Judging by Tim Tebow’s much-hyped Super Bowl ad, “choose life” remains conservatives’ favorite abortion shibboleth. But really, the phrase better captures the stakes in the Great Budget Wars of 2010.
Plagued by deficits, communities everywhere must now decide between tax reform and public spending cuts — between economic life and death. And thanks to two Western bellwether states, we know what each choice means.
Choosing death means mimicking Colorado Springs — a Republican red tattoo on Colorado’s purple heart.
As a venue for political experiments, the sprawling GOP enclave is as pristine a conservative laboratory as you’ll find in America. If the city has garnered contemporary notoriety at all, it has achieved infamy for domiciling right-wing groups like Focus on the Family and infecting the world with viruses like Douglas Bruce — the father of draconian initiatives that seek to prohibit governments from raising levies.
When the Tea Party movement’s anti-tax activists refer to the abstract concept of conservative purity, we can turn to a microcosm like The Springs (as we Coloradoans call it) for a good example of what such purity looks like in practice — and the view isn’t pretty.
Thanks to the city’s rejection of tax increases — and, thus, depleted municipal revenues — The Denver Post reports that “more than a third of the streetlights in Colorado Springs will go dark; the city is dumping fire fighting jobs, a vice team, burglary investigators, beat cops; water cutbacks mean most parks will be dead ... recreation centers, indoor and outdoor pools (and) museums will close for good; Buses no longer run on evenings and weekends; (and) the city won’t pay for any street paving.”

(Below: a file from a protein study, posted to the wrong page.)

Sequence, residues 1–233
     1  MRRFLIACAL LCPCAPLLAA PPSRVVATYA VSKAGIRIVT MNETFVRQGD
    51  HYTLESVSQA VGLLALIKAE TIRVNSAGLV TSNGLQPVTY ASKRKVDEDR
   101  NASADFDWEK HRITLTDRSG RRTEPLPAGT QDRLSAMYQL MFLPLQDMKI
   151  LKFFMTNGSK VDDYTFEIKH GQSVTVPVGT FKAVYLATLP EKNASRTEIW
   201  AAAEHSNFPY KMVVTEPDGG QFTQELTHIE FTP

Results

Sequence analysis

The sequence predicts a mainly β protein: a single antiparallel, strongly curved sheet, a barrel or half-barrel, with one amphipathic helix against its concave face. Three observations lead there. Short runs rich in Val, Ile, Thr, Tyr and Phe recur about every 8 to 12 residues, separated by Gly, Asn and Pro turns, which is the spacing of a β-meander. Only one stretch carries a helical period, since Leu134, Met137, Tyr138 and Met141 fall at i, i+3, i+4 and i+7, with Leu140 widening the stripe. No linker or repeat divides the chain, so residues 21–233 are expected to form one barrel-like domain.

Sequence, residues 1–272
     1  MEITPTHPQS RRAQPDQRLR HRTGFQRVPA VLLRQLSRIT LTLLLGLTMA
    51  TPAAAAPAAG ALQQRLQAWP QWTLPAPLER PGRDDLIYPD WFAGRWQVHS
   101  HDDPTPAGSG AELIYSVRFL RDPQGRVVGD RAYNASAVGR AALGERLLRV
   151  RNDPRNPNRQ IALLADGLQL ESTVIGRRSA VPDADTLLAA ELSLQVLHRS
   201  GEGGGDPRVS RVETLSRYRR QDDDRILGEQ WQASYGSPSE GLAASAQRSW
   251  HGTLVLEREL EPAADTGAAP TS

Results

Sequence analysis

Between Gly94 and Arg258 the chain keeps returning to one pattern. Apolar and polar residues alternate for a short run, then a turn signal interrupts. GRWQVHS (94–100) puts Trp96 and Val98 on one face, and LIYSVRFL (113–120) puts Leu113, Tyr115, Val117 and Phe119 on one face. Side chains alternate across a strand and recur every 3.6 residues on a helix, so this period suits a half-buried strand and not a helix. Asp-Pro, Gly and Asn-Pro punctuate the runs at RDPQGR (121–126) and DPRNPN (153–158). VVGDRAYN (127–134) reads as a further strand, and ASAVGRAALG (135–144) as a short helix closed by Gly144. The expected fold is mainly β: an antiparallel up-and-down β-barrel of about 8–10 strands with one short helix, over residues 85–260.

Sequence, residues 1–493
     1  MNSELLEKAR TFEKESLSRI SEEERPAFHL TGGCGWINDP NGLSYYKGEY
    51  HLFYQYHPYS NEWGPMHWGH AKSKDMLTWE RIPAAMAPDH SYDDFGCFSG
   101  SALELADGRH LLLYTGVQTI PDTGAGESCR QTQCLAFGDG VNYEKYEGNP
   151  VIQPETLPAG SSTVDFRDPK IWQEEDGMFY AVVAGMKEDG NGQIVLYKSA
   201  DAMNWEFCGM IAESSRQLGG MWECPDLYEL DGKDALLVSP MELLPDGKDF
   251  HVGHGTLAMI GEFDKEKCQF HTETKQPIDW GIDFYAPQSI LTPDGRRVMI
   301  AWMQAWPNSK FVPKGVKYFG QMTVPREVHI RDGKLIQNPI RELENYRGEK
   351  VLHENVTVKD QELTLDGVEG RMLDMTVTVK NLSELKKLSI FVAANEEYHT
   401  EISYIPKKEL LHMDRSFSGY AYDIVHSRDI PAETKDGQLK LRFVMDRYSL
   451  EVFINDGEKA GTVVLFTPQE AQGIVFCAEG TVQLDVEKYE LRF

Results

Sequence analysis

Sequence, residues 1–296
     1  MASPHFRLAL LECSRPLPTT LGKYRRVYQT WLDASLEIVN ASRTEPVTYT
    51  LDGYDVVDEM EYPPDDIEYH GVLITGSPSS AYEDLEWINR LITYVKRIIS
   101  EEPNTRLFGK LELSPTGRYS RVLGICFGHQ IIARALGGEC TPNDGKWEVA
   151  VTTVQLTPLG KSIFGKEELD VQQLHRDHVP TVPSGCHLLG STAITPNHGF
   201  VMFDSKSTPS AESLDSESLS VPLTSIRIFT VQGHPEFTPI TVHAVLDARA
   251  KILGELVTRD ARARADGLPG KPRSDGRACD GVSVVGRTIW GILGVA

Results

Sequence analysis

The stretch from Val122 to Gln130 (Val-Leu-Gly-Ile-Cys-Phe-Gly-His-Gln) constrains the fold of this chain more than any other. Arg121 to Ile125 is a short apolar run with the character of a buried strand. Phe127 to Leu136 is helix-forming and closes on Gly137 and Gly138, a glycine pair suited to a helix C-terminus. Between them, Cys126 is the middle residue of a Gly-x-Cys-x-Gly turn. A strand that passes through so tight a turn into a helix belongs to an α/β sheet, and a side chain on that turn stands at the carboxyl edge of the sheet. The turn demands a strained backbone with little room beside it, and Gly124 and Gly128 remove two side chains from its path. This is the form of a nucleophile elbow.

Meanwhile, even with The Colorado Springs Gazette uncovering tent ghettos of newly homeless residents, the city’s social services are being reduced — all as fat cats aim to punish what remains of a middle class. As just one example, rather than initiating a tax discussion, the CEO of The Springs’ most lavish luxury hotel is pushing city leaders to cut public employee salaries to the $24,000-a-year level he pays his own workforce — a level approaching Colorado’s official poverty line for a family of four.
This is what Reaganites have always meant when they’ve talked of a “shining city on a hill.” They envision a dystopia whose anti-tax fires incinerate social fabric faster than James Dobson can say “family values” — a place like Colorado Springs that is starting to reek of economic death.
Choosing life, by contrast, means doing what Colorado’s governor and state legislature are doing by temporarily suspending corporate tax exemptions and raising revenue for job-sustaining schools and infrastructure.
Even more dramatically, it means doing what voters in Oregon did last week.
As deficits threatened their education and public health systems, Oregonians confronted two ballot initiatives — one modestly raising taxes on annual income above $250,000, another hiking the state’s $10 minimum corporate income tax.
Despite these measures exempting 97 percent of taxpayers, conservatives waged a vicious opposition campaign, trotting out billionaire Nike CEO Phil Knight as their celebrity spokesperson. But this time, the right’s greed-is-good mantra failed. In a swing state that had killed every similar initiative since the 1930s, voters backed the tax increases — and chose economic life.
No matter where we live, this same choice will soon face us all in some form. It is a choice embodied in President Obama’s pragmatic initiative to end his predecessor’s high-income tax breaks, a choice for which future local and federal elections will serve as proxies.
Inevitably, anti-tax zealots will attempt to obscure what this choice is about — but the choice is now crystal clear.
Tax reform or draconian cuts, life or death — the decision is ours.
David Sirota is the author of the best-selling books “Hostile Takeover” and “The Uprising.” He hosts the morning show on AM760 in Colorado and blogs at OpenLeft.com. E-mail Sirota at email@example.com or follow him on Twitter @davidsirota.